Hester Prynne: Lindsay Lohan before Lindsay Lohan was Lindsay Lohan

November 2nd, 2011

 

This is my third time reading The Scarlet Letter and, I must admit, that I fall in love with it a little bit more every time I read it. Hawthorne’s writing style and the psychological insight he offers the reader is perfection. In my eyes, it is he and not Freud that is the “father” of psychology.

It is due to the amount of times that I have analyzed this novel that, this time around, I was able to take a step back from that mindset and really just enjoy it. One thing that kept popping into my head while reading and accumulating all the instances of public shame was: why the hell do celebrities complain about their public image in today’s society when stuff like this was commonplace in a newly colonized America? If one was to read this novel as an exact example of public crime and punishment in Puritanical America and compare it to the celebrities of 2011 and the public scrutiny they are under, those suffering public humility in puritanical times definitely win the “who had it harder” game. In fact, I personally wish that the stocks still were a valid form of punishment this way I could see the Justin Biebers, Paris Hiltons, and the Lindsay Lohans suffer and actually pay for the crimes they commit against society merely by existing. If the biggest problem in their multi million dollar lives is a picture of them eating a double cheeseburger from McDonalds gracing the pages of the most recent gossip magazine, I think they should be thankful. It is rather sad to think about it in this context and see the actual decline America has made in its legal system. To clarify my previous statement, I do not think that Hester Prynne deserved the treatment, scrutiny, and isolation she received simply because she had a moment of human weakness. Furthermore, I do not think it should have been made public business especially because Hester was not a “public” figure. When celebrities become celebrities, he/she should expect to their private life to become public because he or she is asking to be a public figure!  Today, a celebrity can literally be found guilty for drug possession, DUI’s, theft, etc… and walk away from the American legal system with less than a “slap on the wrist” and be given another opportunity to commit more crimes. Somehow it is the same celebrity that commits a crime that complains about the crime being written about in the paper. Yet, when that same celebrity has a new movie coming out or is about to release a new CD, he/she expects to be on every television channel and on the front page of every printed piece of news in existence. If having an illicit love affair/love child was a crime worthy of punishment at one time, I would love to see today’s American celebrities suffer the same kind of treatment Hester had to endure. In short, Hester messed up and was publicly chastised for it. She was the Lindsay Lohan before Lindsay Lohan was Lindsay Lohan.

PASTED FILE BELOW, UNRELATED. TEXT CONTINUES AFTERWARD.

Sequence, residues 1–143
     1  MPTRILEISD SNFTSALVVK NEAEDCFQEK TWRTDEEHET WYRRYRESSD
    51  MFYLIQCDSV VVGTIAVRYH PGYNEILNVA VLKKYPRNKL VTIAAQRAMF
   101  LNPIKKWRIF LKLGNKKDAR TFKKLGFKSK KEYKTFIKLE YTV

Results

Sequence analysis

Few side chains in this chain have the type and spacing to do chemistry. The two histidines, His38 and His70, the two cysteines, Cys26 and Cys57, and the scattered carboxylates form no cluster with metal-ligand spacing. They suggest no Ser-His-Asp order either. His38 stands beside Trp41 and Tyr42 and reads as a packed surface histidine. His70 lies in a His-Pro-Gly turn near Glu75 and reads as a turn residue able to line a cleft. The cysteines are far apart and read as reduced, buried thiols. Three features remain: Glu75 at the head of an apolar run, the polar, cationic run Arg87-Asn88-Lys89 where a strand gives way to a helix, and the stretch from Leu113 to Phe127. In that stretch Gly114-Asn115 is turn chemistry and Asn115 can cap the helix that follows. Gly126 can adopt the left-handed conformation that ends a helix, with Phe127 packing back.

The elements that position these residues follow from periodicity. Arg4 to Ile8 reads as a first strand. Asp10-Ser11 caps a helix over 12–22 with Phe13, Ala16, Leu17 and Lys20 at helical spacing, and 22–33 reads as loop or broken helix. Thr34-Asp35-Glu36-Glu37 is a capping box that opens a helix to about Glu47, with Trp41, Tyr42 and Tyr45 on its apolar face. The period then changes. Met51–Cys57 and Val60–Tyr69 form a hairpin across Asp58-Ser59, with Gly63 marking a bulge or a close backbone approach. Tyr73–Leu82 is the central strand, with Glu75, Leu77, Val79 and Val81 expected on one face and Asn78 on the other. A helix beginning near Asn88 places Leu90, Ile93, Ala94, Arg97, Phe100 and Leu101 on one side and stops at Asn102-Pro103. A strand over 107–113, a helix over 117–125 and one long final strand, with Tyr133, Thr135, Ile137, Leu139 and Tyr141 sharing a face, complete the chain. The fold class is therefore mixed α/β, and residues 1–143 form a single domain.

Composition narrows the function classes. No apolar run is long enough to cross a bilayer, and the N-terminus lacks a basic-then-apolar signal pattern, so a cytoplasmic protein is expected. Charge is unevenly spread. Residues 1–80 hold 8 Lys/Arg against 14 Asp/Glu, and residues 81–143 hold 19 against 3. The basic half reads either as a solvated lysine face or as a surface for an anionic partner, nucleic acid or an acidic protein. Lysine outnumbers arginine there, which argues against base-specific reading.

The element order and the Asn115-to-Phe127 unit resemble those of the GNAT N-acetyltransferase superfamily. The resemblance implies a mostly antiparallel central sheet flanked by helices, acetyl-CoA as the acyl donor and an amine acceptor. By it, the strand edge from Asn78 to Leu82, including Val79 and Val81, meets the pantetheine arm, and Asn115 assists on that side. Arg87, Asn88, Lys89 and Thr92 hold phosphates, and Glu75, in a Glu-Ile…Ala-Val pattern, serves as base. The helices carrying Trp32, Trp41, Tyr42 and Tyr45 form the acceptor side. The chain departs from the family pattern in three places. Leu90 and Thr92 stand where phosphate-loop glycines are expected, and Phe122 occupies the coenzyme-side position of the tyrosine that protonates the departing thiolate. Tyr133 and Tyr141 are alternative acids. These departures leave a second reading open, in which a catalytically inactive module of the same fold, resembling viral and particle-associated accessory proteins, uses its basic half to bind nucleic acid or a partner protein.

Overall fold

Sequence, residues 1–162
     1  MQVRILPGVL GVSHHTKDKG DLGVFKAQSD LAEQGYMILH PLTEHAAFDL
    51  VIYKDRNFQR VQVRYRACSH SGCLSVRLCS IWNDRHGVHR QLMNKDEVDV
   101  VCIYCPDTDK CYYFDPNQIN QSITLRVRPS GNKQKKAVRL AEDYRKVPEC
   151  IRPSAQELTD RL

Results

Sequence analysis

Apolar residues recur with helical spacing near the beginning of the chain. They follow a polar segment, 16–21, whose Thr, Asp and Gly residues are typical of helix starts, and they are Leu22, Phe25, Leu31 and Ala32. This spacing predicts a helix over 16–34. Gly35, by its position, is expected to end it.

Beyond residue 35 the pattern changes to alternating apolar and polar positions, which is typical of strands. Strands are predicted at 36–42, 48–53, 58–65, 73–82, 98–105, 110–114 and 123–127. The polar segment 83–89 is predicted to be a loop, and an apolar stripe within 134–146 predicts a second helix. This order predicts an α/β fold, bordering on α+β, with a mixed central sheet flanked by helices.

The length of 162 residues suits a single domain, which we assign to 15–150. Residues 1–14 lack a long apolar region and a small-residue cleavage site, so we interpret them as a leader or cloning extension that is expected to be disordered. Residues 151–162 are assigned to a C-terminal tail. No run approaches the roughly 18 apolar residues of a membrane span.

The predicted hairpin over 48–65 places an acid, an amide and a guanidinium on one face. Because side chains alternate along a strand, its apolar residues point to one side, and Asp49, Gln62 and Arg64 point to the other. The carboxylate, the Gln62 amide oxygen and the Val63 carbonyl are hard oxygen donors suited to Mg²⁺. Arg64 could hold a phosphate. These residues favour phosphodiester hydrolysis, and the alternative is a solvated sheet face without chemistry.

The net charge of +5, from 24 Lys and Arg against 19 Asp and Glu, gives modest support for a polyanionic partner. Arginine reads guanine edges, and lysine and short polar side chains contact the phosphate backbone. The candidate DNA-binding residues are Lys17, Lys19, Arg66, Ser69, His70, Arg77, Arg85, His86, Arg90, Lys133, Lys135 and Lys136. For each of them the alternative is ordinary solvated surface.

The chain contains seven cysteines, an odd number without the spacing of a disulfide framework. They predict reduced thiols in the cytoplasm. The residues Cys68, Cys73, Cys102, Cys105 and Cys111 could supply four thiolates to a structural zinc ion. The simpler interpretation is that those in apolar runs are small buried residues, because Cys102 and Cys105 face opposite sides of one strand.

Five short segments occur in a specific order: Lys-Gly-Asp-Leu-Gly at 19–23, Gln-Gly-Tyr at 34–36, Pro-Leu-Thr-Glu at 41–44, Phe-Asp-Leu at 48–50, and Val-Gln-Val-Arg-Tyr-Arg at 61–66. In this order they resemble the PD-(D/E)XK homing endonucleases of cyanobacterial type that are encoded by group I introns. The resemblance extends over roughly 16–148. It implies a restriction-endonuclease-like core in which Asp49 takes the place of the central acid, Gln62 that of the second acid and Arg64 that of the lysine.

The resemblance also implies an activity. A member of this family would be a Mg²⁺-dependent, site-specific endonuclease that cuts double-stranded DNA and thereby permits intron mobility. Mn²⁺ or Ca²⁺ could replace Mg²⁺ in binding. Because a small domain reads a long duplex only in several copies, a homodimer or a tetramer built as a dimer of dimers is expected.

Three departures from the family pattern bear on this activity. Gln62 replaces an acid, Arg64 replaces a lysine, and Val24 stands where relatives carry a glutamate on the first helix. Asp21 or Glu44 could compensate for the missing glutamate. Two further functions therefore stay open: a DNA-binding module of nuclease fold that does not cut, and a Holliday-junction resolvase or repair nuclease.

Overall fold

On another note I would also like to say that Roger Chillingworth is by far one of my most favorite villians in literature. He has every characteristic one would think a manipulator of secrey would have. He is a hybrid of the Hunchback of Notre Dame and Dr. Frankenstien. His psychological characteristics leaves one “chilled” to the core and is quite the appropriate character to be introduced to right after Halloween.

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